It's true that contemporary music isn't usually seen as refined as visual arts. For some reason, contemporary art is glorified in a scale that music simply doesn't have, and this reality is reflected on the price tags. I find strange how some pieces of contemporary art can rise to the thousands of dollars for what seems a trivial thing (to the untrained eye). For reference, see Marcel Duchamp's "Fountain" (that's the work's title, not a witty comment on it).

While we fully embrace the advancements in music technology, we feel it has contributed to the devaluation of music as an art form. By taking this step, we hope to re-enforce the weight that music once carried alongside a painting or a sculpture.--Wu-Tang Clan

I agree with the idea behind this statement: technology has deeply changed our relationship with music, both as individuals and as groups (clans, families, sub-cultures and society at large) for several reasons; although this is not an exhaustive list:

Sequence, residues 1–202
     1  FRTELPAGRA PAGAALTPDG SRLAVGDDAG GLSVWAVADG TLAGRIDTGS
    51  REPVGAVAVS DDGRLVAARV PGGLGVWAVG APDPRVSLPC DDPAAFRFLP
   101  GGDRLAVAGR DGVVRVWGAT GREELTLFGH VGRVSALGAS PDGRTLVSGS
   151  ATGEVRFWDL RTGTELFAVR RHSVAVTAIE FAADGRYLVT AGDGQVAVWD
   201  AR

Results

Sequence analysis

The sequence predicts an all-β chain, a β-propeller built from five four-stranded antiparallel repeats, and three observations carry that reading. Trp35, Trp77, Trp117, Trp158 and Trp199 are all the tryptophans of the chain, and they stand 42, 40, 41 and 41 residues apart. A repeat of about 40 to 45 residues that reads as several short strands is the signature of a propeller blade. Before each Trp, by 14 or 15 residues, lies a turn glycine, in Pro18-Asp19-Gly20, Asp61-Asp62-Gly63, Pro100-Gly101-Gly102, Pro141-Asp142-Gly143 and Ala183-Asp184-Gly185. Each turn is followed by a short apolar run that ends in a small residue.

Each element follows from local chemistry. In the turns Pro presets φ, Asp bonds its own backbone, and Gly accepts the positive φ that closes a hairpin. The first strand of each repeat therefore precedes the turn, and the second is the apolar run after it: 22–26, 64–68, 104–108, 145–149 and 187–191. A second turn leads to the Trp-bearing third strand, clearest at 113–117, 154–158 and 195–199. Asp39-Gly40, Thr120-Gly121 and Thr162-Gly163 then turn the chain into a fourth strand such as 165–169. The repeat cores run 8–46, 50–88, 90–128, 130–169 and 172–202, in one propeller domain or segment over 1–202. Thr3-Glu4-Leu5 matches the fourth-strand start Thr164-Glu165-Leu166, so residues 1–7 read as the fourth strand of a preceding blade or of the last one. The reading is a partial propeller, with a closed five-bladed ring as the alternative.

1. Access to instruments to make music is empirically greater than ever in terms of availability and cost.
  2. Musical education is more prevalent than in the past 1
  3. There are several music formats, which necessarily broadens access 2
  4. The technologies to create, buy and transport music have advanced and driven costs down in the past years. 3
  5. The above have led us to have an unprecedented amount of music being created right now. 4
  6. Music has never been more integrated in our lives. There are music players for everyone, from the fan who builds the perfect setup on his living room to the guy with a Chinese MP3 player to listen on 1 USD headphones on the metro.

Maybe all of these make us take music for granted, as we often forget about the hardships of the past, and in turn makes us more complacent about the state of music as a whole. 5 This, sadly, is a problem that goes well beyond music into almost every facet of human life and it has its roots deeply seated in our short memory as a species.

A disagreement

I must say that I have a small, personal and probably insignificant issue about this whole thing.

For one, I don't think we have completely ceased to see music as art. Contemporary music is still being presented in theaters and opera houses all around the world.